Customer recruits customers: This is the dream of every company. Because nothing is as convincing as the advocacy of a happy target audience. This effect can be achieved on websites with so-called testimonials.
But what are testimonials anyway? Where do you get customer testimonials from, how do they work and what is important when integrating them? We explain everything you need to know about the topic.
Testimonials: a definition
Testimonials are understood in classic advertising (TV spots, etc.) the concrete advocacy for a product or company by a well-known person. The status and notoriety of the person rub off on the product and are firmly linked, e.g. in advertisements.
With regard to online marketing, the term testimonial is to be understood somewhat differently. Because in contrast to commercials on television where everyone is clearly aware that they are being confronted with advertising, things are a little more subtle on the web. The keyword is authenticity.
Therefore, testimonials related to websites are content elements in which real customer testimonials (sometimes with additional information such as photos and names).
Of course it is also possible to work with prominent advocates on the web. For the broad mass of medium-sized companies that do not have the appropriate budget, the way of real customer voices has been established here.
What do testimonials do on websites?
Testimonials belong on a website the so-called trust elements. These are content elements that serve to build trust. So it should be shown that it is a trustworthy and reputable website.
This trust of your target group is an immensely important currency. Such elements are essential, especially in e-commerce, where people trust you with their account details. But testimonials can also do additional persuasive work on landing pages that head for a specific goal (download, contact request…).
You probably know it yourself: Before you book a product or a specific service, you google it and search specifically for customer testimonials. This includes reviews, ratings, and similar. After all, we value such customer testimonials as the unadulterated truth about a product.
If you, as the website owner, now deliver corresponding customer opinions in the form of testimonials, you can decision-making process if necessary accelerate and move your target group faster to the desired action (purchase, download, newsletter registration, book service …). Overall, testimonials can help to increase the conversion rate!
How to get testimonials
It’s like so often in life: If you don’t ask, you won’t get anything. This means: If you need testimonials, you have to ask people about them.
How you do that depends on your company and your target audience, of course. If you sell a mass product in the B2C sector, it is often sufficient if you include appropriate ratings (e.g. Trustpilot, Google reviews …) and test reports or reviews instead of personal testimonials.
However, if you work in B2B and possibly only sell small quantities of a higher-priced service or product, then it makes sense to ask customers specifically for opinions. This is especially easier when it comes to a product that requires a lot of advice. After all, you were already in close contact with the customers during the purchase process.
You can then simply contact these people a few weeks after the purchase or contact them after the service has been provided, ask for their opinion and of course clarify whether you are also allowed to use it online. If you have convinced your clientele with your product, many will be willing to make advocacy.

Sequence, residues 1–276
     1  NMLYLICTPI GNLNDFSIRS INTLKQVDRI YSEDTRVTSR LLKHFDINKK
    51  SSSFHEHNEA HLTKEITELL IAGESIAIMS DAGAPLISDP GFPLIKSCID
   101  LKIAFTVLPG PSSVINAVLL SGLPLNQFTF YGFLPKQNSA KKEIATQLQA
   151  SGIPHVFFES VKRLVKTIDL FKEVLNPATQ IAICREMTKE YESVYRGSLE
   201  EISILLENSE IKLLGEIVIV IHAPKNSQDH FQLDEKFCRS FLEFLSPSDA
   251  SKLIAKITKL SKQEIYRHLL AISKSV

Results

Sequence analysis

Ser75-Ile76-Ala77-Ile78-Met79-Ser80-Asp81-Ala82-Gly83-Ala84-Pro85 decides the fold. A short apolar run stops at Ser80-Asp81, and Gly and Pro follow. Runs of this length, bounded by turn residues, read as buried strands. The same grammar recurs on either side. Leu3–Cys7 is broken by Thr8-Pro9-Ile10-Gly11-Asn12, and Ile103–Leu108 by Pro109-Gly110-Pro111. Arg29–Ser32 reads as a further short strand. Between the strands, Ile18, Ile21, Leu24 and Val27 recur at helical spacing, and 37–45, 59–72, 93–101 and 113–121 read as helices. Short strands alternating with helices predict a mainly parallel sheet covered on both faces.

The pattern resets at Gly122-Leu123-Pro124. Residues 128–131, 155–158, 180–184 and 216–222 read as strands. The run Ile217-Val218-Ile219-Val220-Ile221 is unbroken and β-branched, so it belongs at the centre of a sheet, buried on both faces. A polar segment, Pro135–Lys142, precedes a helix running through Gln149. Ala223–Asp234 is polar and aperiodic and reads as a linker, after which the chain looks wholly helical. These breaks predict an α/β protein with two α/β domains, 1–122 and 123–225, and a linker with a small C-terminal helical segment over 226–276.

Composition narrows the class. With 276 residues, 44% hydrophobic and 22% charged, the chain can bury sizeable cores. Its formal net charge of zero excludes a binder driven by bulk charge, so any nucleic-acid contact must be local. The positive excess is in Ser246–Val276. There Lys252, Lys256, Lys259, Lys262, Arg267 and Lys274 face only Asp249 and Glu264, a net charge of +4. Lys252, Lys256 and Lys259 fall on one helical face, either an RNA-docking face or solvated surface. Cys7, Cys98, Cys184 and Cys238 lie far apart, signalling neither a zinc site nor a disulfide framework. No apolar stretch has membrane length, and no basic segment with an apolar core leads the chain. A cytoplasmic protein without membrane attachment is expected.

Of course, you can also give incentives, e.g. discount codes or free products for reviews. But if you already have a good connection to your target group, it often works without such promises.
3 steps to sensibly integrate customer voices on websites
If you want to include testimonials on your website, you must first think about how you want to implement this. You have to consider three steps in total:
The right position: Psychologically, it has been proven that placing the testimonial elements just above the CTA of a website.
So do you have a landing page, at the end of which there is a contact form for requesting advice, the testimonial should be used directly above it. Testimonials, therefore, act as a link between the information about the product or service and the actual campaign. Here they are particularly strong.
The right design: There are countless ways to display testimonials on websites. Delimited boxes have proven their worth, one for each customer’s voice.
These can then be arranged in a carousel so that your target group can click through them. However, a display with clickable photos that lead to the associated case studies or longer texts, or a larger tiled look is also possible. In general, there are hardly any limits to the design, as long as the element can be operated intuitively and the message comes across well.
The relevant information: In addition to the opinion on the product or service, there are other elements that are useful or necessary. In the B2B sector, you should, for example, provide a name and company or name and job title.
A suitable profile photo or company logo creates additional trust and ensures visual variety. In B2C, the name and the photo are enough, logically no company or job title is required here. In addition, you can set up a rating system (e.g. five stars) and display these stars below the customer’s opinion.
You too can create more trust on your website
As soon as you offer a product or service on the web, testimonials are one sensible choice to do some extra persuasion. Ideally, if you haven’t already started using customer advocacy on your website to attract customers, you should start doing so right away.
So just think about where you get the right votes from – and integrate them profitably. It will definitely be worth it …